The spinal cord is at risk of ischemia or infarction following open or endovascular procedures involving the descending thoracic and thoracoabdominal aorta. The risk of paraplegia or paraparesis following open surgical repair of the thoracoabdominal aortic aneurysms (TAAA) reaches upward of 20 percent.1 As a less invasive procedure, thoracic endovascular aortic repair (TEVAR) minimizes hemodynamic derangements that are typical of an open aortic repair.2 Nonetheless, the associated risk of spinal cord ischemia (SCI) and resultant permanent neurologic injury is not insignificant. The incidence of SCI after TEVAR has been reported to be anywhere between 0 and 10.3 percent.3 Although the reported risk of SCI is lower with TEVAR as compared to an open surgical repair, it is important to recognize that there is significant anatomic heterogeneity between the two repairs. It has been suggested that when...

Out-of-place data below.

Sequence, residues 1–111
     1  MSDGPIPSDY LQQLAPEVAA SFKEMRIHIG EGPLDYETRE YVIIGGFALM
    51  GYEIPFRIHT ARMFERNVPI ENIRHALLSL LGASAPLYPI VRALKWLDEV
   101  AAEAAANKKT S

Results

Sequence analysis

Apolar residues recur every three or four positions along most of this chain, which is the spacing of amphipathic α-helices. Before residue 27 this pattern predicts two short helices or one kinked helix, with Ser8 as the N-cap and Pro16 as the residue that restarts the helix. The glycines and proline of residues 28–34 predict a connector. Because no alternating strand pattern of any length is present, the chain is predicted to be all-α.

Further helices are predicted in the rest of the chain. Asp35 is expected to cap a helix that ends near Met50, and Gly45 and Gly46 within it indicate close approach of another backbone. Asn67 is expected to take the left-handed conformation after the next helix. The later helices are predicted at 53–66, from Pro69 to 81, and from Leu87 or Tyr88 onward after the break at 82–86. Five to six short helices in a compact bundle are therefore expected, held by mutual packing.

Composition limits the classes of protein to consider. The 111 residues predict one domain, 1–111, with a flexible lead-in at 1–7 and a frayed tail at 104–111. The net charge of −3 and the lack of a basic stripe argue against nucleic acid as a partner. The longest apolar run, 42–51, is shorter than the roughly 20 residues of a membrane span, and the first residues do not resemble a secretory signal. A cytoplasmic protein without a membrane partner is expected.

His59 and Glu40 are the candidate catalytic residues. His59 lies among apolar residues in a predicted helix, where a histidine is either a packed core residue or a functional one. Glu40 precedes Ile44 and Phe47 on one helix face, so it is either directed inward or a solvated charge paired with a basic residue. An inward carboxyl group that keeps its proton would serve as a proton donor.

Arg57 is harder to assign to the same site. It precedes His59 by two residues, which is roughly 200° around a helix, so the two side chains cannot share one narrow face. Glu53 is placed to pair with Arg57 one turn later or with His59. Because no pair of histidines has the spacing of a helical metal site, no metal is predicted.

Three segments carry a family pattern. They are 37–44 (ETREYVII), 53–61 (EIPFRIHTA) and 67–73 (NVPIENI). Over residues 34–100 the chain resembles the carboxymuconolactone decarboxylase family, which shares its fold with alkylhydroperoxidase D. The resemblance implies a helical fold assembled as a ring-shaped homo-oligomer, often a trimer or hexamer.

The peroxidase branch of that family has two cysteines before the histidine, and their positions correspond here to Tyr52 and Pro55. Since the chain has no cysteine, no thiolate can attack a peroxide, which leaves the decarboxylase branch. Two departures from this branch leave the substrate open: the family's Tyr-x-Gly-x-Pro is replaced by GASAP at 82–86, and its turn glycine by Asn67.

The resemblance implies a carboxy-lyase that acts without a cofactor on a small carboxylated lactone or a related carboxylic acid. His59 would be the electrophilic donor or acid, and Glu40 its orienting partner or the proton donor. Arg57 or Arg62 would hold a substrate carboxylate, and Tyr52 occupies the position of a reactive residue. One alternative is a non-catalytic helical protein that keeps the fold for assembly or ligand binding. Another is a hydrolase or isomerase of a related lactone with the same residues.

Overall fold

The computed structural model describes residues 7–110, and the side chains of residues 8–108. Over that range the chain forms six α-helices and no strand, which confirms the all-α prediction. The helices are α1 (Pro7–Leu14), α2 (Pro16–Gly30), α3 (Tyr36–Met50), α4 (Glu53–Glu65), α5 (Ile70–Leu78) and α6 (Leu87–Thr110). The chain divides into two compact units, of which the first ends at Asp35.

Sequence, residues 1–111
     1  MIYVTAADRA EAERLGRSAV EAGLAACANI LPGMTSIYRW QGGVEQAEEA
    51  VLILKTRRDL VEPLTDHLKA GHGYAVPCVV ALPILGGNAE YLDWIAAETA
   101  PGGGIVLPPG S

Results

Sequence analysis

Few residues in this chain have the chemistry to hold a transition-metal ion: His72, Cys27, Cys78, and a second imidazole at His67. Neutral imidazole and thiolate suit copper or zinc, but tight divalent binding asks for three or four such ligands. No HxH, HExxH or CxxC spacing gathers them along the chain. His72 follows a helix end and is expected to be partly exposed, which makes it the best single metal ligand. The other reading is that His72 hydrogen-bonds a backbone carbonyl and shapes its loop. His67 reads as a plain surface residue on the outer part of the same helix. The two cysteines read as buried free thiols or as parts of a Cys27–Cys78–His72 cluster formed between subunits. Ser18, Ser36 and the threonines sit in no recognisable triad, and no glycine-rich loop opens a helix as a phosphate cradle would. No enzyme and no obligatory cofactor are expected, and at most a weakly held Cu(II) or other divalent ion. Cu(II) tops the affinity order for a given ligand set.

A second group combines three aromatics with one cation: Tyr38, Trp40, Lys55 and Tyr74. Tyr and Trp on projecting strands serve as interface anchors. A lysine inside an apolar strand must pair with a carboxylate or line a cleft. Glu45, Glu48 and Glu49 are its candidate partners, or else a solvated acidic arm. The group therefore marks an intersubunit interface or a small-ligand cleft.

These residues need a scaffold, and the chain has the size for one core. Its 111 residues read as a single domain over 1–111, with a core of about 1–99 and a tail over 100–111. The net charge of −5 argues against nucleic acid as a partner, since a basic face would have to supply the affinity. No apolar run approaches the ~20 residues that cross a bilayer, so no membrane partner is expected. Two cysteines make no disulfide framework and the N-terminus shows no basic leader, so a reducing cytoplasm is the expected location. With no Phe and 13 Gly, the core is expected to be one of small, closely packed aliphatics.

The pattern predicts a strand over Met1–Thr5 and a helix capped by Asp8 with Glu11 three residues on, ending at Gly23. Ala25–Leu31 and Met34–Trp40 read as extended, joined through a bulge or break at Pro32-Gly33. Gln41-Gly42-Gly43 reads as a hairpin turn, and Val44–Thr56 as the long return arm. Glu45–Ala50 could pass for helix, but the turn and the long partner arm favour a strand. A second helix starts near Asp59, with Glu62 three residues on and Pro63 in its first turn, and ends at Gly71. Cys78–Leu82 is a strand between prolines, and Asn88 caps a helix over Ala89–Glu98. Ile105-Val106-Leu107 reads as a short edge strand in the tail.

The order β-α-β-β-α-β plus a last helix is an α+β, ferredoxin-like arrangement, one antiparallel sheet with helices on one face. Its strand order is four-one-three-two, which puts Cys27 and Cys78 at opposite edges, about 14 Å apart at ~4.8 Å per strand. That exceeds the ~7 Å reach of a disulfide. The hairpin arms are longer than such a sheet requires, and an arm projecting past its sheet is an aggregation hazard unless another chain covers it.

Features| February 2019
Spinal Cord Protection in Thoracic Endovascular Aortic Repair (TEVAR) Surgeries – How Can Anesthesiologists Lead the Way?
ASA Monitor February 2019, Vol. 83, 16–19.
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Lovkesh Arora, Harendra Arora; Spinal Cord Protection in Thoracic Endovascular Aortic Repair (TEVAR) Surgeries – How Can Anesthesiologists Lead the Way?. ASA Monitor 2019; 83:16–19
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